If readers think the crisis of societal or school violence is diminishing, they need only accompany Juan, Natalie, Mohamad, or Robin as they express their reality in these brief, student-written essays. These young writers are in search of pain, longing to "defrost from loss" long enough to replace life's anguish with a moment of joy or even grief. Numbness is the legacy of their violent neighborhoods where a blank look in the eyes, a consolidated type of detachment, is the norm. The themes of overcoming reflexes, of slowing down enough to think and to find feelings, and of searching for an awareness of consequences permeate their words. Readers who can endure the raw emotion and knee-jerk reactions will be rewarded with a rich fund of understanding for kids who are, at heart, snagged in a cultural net.
Researchers would save time and money by starting with kids' analyses of societal violence, especially the role of the media. Student J. Slade Anderson notes that hard-core rappers are angry: Their families are poor, their neighborhoods are infested with drugs and violence. . . . The people who listen to them feel powerless too. . . . These angry poets give people a mental crutch for their damaged egos, a way to feel invincible, if only for a few minutes. (Pp. 89–90)
Elixirs like rap, Nintendo, and violent movies both relieve and excite. Some immature listeners, Anderson observes, may take these messages too literally and commit acts that devastate others and are memorialized in more songs and new movies. Danger permeates the worlds of the young, who further trap themselves when they relinquish control for a moment of even surrogate revenge through rap, graffiti art, killer movies, or point-and-shoot games.
Although the students write unfalteringly of a world in which most middle- class adults could barely survive, they also find hope when they have a sense of purpose or direction. Hectic but positive activity, the students relate, helps them not to follow "the crew" or participate in mindless crimes. Having a goal, feeling respected, seeing the relevance of what they learn, and possessing good reason for hope are all they need to turn away from gratuitous violence. When they have and believe in a future for themselves, their minds begin to "defrost" and their spirits rise. Says Lisa Frederick in a rap on why young men should respect women, "We dignified, full of pride, classified, bona fide and refined. . . . Just think of us as royalty in jeans" (p. 166). Things Get Hectic is compelling reading for anyone who wants not only to understand but also to feel the world of young people in poverty and to support their road to hope.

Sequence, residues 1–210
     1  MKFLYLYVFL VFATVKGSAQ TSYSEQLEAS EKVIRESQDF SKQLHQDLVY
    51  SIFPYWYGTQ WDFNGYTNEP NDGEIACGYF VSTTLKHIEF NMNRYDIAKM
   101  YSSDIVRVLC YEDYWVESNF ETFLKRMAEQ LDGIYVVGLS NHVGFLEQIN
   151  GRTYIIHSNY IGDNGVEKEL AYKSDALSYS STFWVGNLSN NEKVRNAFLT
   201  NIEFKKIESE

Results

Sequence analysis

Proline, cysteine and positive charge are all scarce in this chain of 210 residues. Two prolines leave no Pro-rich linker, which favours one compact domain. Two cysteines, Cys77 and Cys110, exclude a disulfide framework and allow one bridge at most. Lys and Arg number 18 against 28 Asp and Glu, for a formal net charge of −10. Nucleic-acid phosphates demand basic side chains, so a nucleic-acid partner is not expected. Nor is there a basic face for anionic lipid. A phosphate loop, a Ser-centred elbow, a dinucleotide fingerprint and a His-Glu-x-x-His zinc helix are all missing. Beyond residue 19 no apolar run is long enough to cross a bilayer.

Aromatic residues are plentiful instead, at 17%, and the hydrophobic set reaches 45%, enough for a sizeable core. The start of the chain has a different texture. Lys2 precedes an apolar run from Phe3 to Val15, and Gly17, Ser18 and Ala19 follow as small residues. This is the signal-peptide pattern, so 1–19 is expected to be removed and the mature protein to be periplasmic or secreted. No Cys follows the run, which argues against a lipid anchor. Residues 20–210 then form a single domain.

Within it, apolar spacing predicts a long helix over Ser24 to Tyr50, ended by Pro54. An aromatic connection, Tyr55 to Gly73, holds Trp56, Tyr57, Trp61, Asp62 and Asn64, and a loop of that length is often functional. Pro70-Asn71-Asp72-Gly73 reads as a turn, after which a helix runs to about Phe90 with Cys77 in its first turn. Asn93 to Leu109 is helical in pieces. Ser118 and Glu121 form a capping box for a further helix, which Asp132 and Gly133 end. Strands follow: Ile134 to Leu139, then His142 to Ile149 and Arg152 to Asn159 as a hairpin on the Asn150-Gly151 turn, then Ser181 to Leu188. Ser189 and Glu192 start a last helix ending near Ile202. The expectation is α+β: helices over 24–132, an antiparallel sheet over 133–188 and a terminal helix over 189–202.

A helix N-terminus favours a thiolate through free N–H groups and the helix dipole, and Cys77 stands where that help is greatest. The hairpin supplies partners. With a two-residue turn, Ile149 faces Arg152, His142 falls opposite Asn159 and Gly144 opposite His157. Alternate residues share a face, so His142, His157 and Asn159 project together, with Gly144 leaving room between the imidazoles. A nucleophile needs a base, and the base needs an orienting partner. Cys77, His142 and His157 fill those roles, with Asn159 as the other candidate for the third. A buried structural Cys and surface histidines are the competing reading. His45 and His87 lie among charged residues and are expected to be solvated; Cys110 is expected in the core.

Published by Touchstone, Rockefeller Center, 1230 Avenue of the Americas, New York, NY 10020. Price: $13.
—Reviewed by Vicky Dill, Haberman Educational Foundation, Midwest, McPherson, Kansas.

Teaching the Commons

Teaching the Commons, Paul Theobald, Boulder, Colo.: Westview Press, 1997
Much of the rhetoric for improving education in our times comes from corporate and political leaders who clamor that competition must be the prime motivator in a global marketplace. Paul Theobald offers a thoughtful but contrary view to such rhetoric. He reminds readers that inquiring into our own communities offers a significant chance to renew our schools. After all, can we embrace the world without having a sense of our own community?
Theobald suggests that the rural United States is now the crucible of contemporary community renewal and can bear witness to renewal for urban and suburban communities. In the spirit of Wendell Berry, Theobald raises the problems associated with "placelessness" in our times. Placelessness, he argues, causes "an undue focus on the self in our society, and the predictable result is disintegrating neighborhoods and a vanishing sense of community" (p. 120).
Theobald continues, The rural and inner-city places that have suffered the most can no longer afford to be among the purveyors of this brand of individualism. Concepts like commitment, allegiance, and obligation must re-enter conversations concerning the fate of these places. All communities have needs, and we must begin to enculturate youth into an ethic of shouldering responsibility for meeting these needs. This can be a large part of the educational agenda all across the country, but it has the best chance of catching on in rural America, where size is still manageable and where lingering vestiges of a sense of community yet remain.
Theobald does not back away from the difficult question—How do educators change the status quo and educate for community renewal? He answers 0by quoting John Goodlad, Ted Sizer, Seymour Sarason, and Michael Fullan, whose theories of school-focused reform connect to a keen interest in the daily lives of those who inhabit schools. Theobald also enriches these school-reform resources by drawing from cross-cultural perspective.
Rural educators have long understood the beauty and power of place and community. Sadly, little scholarship on rural education has made its way into the mainstream conversations about school reform. Teaching the Commons is a long-overdue contribution from rural America to educators, policymakers, and committed citizens wishing to restore community, place, and democracy to the daily lives of our children. Indeed, Paul Theobald dares to remind us that students in our public schools are the future decision makers in this country. . . . Our high school graduates (and our dropouts, for that matter) are not, first and foremost, factory hands or dentists or professional baseball players. They are citizens living in a democracy. (P. 133)
Teaching the Commons can give educators the necessary moral boost—grounded in the pedagogy of place—to preserve community and democracy.
Published by Westview Press, 5500 Central Ave., Boulder, CO 80301. Price: $22.
—Reviewed by Don Ernst, ASCD, Alexandria, Virginia.

This article was published anonymously, or the author name was removed in the process of digital storage.